He unpacked some of the principles and philosophies leaderships need to tap into in this time of change:
- Unprecedented metabolic rate of change: This is the challenge that, as a CFO, you need to lead your business into the unknown. It also describes the adoption of these new solutions by customers. “That’s when disruption starts happening.”
- Lawson effect: This is when companies are innovating vigorously in the wrong direction or becoming so comfortable with something that they break it. “You have to identify these Lawson moments in your organisation and stop them. Make sure your efforts around innovation are focused on something that will make your business stronger and is relevant to the market.”
- Resource allocation: You have to distinguish what the right things are to invest into and what the wrong things are. You have to look for evidence of where the capex of a new digital solution is lower than the opex of how things were done before. You also have to ensure that you can unlock exponential growth, improved productivity and improved experience from these solutions.
- New age of the ecosystem: “We’ve now been thrust into that. In the last seven days, all our companies that are working remotely are all becoming platforms.” In order to adjust to this new workforce ecosystem, leaders have to bring in experts and expertise into your business. “If we create the right ecosystems of expertise, we can progress.” Overnight, everyone is now in a symbiotic relationship, competitors, different industries and companies are working together to move into a new ecosystem.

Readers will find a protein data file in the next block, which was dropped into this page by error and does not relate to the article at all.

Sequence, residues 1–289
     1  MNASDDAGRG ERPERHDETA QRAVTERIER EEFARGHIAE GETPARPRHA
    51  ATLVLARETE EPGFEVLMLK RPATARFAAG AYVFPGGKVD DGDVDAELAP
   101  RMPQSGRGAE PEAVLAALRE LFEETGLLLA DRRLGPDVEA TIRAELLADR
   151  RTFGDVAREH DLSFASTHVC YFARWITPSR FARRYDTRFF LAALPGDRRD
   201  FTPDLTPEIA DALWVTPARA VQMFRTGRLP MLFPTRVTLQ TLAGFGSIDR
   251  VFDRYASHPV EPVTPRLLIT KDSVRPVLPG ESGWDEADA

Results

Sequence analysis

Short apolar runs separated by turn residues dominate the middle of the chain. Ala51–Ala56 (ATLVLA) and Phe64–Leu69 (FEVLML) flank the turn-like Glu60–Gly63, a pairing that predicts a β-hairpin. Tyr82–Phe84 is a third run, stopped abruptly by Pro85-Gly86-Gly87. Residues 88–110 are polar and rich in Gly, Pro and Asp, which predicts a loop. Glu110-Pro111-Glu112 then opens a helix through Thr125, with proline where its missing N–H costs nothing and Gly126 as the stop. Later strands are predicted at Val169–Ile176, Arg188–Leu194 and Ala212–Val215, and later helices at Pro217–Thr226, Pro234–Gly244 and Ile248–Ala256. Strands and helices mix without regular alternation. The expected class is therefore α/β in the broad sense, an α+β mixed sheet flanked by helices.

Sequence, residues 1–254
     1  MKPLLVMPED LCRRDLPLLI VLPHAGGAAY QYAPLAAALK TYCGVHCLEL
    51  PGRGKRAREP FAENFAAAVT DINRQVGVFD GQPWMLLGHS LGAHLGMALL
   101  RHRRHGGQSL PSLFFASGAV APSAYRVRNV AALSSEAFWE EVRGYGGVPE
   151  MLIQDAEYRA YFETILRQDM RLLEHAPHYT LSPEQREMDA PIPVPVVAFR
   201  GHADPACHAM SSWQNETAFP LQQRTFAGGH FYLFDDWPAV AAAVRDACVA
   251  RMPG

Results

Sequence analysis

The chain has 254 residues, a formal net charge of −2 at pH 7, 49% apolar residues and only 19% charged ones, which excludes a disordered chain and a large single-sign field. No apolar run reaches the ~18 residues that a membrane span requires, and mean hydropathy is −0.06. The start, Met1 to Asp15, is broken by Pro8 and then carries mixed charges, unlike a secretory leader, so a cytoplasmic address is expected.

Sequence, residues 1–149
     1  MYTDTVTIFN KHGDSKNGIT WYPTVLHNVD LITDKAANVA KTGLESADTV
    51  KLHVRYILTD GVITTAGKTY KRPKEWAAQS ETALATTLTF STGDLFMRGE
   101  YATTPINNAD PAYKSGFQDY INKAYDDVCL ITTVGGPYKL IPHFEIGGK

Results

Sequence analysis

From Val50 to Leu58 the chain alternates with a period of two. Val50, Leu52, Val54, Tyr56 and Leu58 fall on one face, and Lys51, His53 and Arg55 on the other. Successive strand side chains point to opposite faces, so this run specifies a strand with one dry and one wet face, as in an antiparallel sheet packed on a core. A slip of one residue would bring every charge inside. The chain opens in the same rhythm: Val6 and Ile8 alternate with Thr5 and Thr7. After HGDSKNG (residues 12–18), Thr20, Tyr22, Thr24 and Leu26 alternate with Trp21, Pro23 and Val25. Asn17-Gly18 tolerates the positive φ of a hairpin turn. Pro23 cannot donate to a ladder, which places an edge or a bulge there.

Attendees were then split into “mini think tanks” to discuss their leadership style when it comes to adapting to and weathering the Covid-19 storm. CFOs shared that they are rising to the leadership challenge by being inclusive and holding regular check-ins with their teams. They are also being a lot more collaborative and transformative within their businesses’ operations.
Others revealed that the situation is pushing them to start thinking about the future of work – and whether they really need all that floorspace, while others said they were trying to identify new, pandemic-proof income streams.
The participants even took the opportunity to share their frustrations at having to manage their children's distance learning, in addition to working from home themselves – adding that sharing these frustrations with others on their teams helped to reduce the stress.
When attendees were brought back into the main session, Valter said he felt incredibly proud to listen to a group of South African CFOs responding so aggressively and positively to a very challenging environment, and playing such a critical role in driving change.
He left CFOs inspired, saying this year is going to be the greatest leadership challenge ever. “We have to become very open-minded to new ways of doing things. People work best under pressure. We get far more creative in finding solutions to progress. And the last week is evidence of that. Use the crisis to make significant jumps forward.”